Many, many problems and discipline issues were worked out during that time with their Father, and I was able to see my husband grow into the leader he has become today.
Foster a Strong Relationship Between Them
First, pray for your husband daily and trust God to answer your requests. Pray for his well-being, that the Lord would ‘keep him from evil’ and give him blessing, wisdom, knowledge, spiritual maturity, purity, discretion, and guidance. Look for God’s answers to your prayers and thank Him for working in your attitude and your family’s attitude.
Respecting your husband and treating him as a man (not a bad little boy) will go a long way to encouraging him in the right direction. Don’t criticize or in any way belittle your husband to your children. We won’t be perfect in it, but we can ask for help from the Lord!
Help your daughter pull together a simple picnic or help her make special treats for her dad. Help her write little notes. Find things your husband likes to do that your daughter can come alongside.
Encourage and model respect for her dad.
Take joy in that very special relationship and foster it; do not begrudge it, for your daughter is learning how to be loved by a real man, flaws and all. Where there is sincere and sacrificial love in Christ Jesus, it overflows, and there is enough to go around for everyone!
“The wise woman builds her house, but with her own hands the foolish one tears hers down.” ~Proverbs 14: 1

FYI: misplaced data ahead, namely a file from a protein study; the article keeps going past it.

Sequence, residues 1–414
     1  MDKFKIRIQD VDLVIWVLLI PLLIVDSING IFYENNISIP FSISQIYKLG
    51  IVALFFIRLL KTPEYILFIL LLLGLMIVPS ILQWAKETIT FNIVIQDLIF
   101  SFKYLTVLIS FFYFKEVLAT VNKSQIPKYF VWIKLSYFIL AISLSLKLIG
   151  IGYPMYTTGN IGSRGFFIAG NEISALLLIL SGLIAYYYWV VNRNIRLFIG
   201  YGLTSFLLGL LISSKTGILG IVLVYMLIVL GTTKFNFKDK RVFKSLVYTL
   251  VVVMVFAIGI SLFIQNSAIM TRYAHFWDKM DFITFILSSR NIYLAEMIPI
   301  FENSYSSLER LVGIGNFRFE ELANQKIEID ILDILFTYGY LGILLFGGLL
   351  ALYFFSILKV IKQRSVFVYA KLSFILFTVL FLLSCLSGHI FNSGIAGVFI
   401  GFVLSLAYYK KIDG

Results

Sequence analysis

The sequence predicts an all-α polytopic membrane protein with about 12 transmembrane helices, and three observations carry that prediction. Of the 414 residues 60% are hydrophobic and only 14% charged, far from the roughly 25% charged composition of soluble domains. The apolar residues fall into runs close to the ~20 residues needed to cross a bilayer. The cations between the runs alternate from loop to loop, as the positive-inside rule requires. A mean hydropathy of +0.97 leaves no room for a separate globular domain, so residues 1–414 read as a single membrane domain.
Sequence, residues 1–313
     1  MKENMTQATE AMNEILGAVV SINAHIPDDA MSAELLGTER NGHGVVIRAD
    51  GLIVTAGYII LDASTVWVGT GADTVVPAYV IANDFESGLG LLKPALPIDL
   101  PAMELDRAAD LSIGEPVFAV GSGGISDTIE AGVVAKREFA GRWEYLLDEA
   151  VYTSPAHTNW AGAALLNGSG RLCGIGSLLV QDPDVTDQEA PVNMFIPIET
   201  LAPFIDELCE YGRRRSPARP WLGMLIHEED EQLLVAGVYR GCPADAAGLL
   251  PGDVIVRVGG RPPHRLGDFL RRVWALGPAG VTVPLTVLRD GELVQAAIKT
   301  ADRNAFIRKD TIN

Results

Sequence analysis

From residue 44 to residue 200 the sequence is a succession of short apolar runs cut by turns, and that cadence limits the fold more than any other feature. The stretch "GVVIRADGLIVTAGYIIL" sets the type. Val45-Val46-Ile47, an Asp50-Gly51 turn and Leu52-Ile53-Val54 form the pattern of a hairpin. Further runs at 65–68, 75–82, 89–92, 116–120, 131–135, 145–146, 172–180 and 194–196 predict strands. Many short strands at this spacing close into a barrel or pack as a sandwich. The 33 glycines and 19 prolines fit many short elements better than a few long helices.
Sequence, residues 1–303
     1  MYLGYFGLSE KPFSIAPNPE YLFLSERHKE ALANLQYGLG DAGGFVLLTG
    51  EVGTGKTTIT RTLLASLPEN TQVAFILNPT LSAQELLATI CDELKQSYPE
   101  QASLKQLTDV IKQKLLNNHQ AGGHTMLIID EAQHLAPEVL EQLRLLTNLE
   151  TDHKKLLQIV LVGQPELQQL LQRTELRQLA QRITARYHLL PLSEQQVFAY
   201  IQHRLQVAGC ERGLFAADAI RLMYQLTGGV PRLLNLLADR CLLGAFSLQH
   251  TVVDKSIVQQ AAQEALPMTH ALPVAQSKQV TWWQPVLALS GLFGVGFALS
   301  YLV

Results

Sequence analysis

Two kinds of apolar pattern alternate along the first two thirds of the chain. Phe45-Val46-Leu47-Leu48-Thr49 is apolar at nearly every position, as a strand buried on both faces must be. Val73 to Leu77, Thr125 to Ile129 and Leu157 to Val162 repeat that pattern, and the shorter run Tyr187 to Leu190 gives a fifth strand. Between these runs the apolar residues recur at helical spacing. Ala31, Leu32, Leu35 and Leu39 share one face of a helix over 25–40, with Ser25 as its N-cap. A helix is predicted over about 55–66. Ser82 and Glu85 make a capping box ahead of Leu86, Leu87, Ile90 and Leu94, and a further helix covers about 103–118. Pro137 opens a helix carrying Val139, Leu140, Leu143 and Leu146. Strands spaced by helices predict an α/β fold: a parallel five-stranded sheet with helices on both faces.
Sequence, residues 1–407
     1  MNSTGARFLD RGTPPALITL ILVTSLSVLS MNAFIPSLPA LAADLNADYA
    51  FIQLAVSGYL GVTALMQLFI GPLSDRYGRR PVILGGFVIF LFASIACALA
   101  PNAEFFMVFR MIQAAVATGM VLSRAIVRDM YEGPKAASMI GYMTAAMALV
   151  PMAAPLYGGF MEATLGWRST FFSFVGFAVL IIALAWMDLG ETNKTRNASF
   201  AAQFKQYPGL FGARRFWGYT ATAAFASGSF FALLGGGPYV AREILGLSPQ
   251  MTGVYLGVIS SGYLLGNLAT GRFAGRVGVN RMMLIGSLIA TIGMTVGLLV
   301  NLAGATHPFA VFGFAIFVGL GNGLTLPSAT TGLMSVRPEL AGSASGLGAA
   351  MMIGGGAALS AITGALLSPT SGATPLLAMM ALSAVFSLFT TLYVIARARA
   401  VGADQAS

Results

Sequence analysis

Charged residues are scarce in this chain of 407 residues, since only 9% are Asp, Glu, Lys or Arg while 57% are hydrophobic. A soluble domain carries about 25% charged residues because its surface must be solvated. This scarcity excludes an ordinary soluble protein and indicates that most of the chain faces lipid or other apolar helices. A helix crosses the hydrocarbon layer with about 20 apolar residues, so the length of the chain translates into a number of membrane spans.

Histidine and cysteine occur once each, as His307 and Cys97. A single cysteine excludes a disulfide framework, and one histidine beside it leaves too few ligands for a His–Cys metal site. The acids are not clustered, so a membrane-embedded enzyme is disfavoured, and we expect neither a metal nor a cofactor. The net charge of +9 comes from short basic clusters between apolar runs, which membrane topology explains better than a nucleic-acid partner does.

The Power of a Father
Dr. Margaret J. Meeker, a pediatrician with more than 25 years of experience in counseling girls, wrote a book entitled Strong Fathers, Strong Daughters: 10 Secrets Every Father Should Know. In it, she lists some findings from her research on the important influence of fathers.
- A daughter’s self-esteem is best predicted by her father’s loving affection.
- Toddlers securely attached to fathers are better at solving problems.
- With dads in the home, children managed stress better.
- Daughters whose fathers provide warmth and appropriate control achieve higher academic success. Girls involved with dad are twice as likely to stay in school.
- Daughters who are close to their fathers exhibit less anxiety and withdrawn behaviors.
- The likelihood that daughters engage in premarital sex, drug use, and alcohol plummets when their dads are involved in their lives.
- Daughters who feel that their fathers care about them and feel connected with their dads have significantly fewer suicide attempts and fewer instances of body dissatisfaction, depression, low self-esteem, substance abuse, and unhealthy weight.
- Six-month-olds scored higher on tests of mental development when their dads were involved in their lives.
”From the first years of a girl’s life her father is larger than life. She looks up to him, and for the rest of her life she craves his admiration, his respect and his affection.” ~Margaret J. Meeker
(excerpted from Father’s Impact on His Daughters by Valerie Plowman)
(Note: Of course, fathers also influence their sons, but as I am a daughter, I thought I would talk about daughters today. I also want to encourage any mother who is parenting without a father present. There are many, many people who grow up to be confident, God-fearing, and capable who did not have a father present. Most often, this is because of the total dedication and loving effort of their mother.)